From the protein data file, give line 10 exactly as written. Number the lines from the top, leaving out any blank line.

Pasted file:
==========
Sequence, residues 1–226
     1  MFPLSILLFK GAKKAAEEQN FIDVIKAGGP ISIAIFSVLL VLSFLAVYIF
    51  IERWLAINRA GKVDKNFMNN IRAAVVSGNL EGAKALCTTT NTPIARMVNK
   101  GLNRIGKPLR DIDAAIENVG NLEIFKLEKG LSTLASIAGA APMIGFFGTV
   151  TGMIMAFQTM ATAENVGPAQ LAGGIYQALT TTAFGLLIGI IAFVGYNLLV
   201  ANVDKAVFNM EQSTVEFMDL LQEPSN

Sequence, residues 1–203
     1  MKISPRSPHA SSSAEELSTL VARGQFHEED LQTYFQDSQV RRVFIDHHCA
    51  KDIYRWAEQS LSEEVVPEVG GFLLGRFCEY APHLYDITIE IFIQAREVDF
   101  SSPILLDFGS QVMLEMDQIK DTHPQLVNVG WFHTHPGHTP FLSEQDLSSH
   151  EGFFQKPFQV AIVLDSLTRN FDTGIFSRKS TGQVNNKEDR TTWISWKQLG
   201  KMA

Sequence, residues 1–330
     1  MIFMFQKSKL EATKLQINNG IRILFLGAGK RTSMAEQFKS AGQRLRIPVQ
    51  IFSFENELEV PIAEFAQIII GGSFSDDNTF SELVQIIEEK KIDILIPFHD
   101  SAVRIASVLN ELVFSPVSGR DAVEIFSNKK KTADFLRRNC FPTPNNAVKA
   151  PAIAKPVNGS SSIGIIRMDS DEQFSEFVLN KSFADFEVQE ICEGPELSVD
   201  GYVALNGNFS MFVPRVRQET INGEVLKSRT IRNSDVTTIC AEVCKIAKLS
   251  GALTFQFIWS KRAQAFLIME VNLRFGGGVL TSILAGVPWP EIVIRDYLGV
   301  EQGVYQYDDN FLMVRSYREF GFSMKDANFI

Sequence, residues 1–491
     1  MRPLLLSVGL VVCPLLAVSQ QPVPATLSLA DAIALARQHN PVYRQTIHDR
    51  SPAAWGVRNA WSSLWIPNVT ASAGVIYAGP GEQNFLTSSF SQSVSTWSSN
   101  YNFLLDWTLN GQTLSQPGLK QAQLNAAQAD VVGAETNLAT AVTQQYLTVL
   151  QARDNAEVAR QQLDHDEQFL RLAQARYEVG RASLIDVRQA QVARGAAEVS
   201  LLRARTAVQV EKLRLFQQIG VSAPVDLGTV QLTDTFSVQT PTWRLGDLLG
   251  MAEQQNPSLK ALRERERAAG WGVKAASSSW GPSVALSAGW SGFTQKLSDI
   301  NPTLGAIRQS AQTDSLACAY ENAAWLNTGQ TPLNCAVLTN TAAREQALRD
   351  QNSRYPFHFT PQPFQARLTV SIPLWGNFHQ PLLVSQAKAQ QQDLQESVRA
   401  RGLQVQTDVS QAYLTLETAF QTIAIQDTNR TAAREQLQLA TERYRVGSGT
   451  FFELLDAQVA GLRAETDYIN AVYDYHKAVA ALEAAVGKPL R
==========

   101  SSPILLDFGS QVMLEMDQIK DTHPQLVNVG WFHTHPGHTP FLSEQDLSSH